Hands-on Learning Beyond the Classroom

TCC Dietetic students gain real-world experience.

You’d better watch what you eat!

If you don’t, Christina Liew-Newville, director of TCC Southeast’s Dietary Technician Program, will. And so will her students Deborah Johnson, Diana Moyo and Jennifer Adams.

Oh, they might not have their eyes on you personally, but they and many of the other dietetics students are carrying the message of healthy eating into sites throughout Tarrant County.

According to Johnson, students in some schools can attend classes and be able to sit for the examination to become a Registered Dietary Technician (DTR) without having any hands-on experience.

That’s not for TCC, where the emphasis is not only hands-on, but hearts on. The technician must have a thorough knowledge of diets and nutrition, sure, but also must be able to connect with their patients and clients. Little is accomplished by haranguing someone who’s overweight or who exists on junk food.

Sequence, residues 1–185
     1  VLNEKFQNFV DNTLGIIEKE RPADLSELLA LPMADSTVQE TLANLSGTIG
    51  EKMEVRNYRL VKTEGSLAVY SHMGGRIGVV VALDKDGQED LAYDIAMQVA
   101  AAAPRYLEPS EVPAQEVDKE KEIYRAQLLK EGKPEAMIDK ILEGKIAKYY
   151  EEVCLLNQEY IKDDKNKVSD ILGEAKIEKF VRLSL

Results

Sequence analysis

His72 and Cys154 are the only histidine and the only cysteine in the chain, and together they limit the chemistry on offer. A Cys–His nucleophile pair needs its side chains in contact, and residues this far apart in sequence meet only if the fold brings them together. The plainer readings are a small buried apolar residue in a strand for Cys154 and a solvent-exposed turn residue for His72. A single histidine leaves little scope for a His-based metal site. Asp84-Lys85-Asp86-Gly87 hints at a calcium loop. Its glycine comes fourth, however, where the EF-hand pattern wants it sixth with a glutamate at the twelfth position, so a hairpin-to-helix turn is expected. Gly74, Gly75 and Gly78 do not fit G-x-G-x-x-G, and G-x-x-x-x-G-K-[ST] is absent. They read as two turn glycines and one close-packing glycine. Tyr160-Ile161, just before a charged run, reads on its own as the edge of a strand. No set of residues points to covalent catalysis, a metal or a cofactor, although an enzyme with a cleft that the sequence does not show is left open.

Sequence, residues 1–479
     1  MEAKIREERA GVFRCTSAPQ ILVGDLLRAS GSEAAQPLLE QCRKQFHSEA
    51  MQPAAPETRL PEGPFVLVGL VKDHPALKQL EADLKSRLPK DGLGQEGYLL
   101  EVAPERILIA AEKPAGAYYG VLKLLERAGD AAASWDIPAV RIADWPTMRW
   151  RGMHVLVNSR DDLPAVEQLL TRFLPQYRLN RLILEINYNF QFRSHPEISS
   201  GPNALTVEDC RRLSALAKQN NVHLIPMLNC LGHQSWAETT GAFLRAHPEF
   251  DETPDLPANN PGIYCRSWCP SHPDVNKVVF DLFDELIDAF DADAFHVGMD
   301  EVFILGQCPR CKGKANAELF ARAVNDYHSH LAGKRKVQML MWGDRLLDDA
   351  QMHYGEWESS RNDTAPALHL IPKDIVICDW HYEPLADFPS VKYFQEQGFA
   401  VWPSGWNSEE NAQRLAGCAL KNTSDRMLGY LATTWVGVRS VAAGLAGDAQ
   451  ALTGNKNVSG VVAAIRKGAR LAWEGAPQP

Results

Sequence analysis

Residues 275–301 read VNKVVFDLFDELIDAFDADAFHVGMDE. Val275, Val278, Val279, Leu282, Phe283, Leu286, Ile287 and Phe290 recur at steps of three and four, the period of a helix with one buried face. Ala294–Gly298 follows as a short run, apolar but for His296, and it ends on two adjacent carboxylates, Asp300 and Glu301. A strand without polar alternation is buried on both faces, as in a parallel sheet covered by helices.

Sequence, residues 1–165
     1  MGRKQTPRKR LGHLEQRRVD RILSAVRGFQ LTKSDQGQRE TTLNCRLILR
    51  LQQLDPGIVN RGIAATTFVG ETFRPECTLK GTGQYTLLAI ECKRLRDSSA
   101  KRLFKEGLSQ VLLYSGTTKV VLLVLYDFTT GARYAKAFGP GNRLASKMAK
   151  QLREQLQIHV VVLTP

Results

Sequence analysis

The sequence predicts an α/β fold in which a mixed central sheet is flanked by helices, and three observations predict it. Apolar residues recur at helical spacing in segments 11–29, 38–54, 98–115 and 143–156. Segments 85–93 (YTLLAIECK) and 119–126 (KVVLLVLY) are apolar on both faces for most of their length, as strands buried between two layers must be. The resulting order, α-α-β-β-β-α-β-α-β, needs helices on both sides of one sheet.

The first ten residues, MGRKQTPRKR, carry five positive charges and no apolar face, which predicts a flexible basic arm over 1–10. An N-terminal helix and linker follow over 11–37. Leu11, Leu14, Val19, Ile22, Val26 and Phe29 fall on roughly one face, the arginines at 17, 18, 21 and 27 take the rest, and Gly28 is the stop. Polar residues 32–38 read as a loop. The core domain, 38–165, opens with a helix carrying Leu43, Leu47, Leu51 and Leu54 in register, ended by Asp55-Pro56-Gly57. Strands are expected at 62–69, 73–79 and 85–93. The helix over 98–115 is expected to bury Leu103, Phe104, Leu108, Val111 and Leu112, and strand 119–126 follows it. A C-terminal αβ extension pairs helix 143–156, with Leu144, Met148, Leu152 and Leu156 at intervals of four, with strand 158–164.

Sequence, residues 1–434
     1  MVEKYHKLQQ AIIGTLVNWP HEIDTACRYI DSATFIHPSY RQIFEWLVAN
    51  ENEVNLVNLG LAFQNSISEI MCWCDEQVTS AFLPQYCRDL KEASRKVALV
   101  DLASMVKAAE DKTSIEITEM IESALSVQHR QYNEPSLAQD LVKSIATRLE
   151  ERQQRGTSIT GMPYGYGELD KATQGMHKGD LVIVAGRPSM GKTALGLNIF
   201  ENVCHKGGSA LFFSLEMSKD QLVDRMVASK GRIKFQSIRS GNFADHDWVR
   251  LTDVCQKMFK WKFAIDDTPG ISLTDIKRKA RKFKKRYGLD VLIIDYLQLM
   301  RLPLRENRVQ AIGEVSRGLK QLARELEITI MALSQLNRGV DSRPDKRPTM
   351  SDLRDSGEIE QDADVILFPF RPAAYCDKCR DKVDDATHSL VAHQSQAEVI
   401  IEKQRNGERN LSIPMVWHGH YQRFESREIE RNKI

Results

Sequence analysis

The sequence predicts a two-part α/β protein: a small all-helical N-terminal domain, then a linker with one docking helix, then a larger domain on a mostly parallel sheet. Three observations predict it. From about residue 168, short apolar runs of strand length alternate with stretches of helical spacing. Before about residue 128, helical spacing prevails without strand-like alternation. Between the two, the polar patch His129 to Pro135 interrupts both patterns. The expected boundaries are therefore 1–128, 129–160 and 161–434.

The students are taught, rather, that obesity may be a symptom of underlying health or psychological issues. Moyo admitted to sometimes having been judgmental “before I had all this information, but now I realize there are so many other reasons (besides overeating).”

“We don’t talk about restrictions and come across like we want to restrict you,” Johnson said. “What we want is to help you come to a knowledge of a way to eat that makes your body healthier.”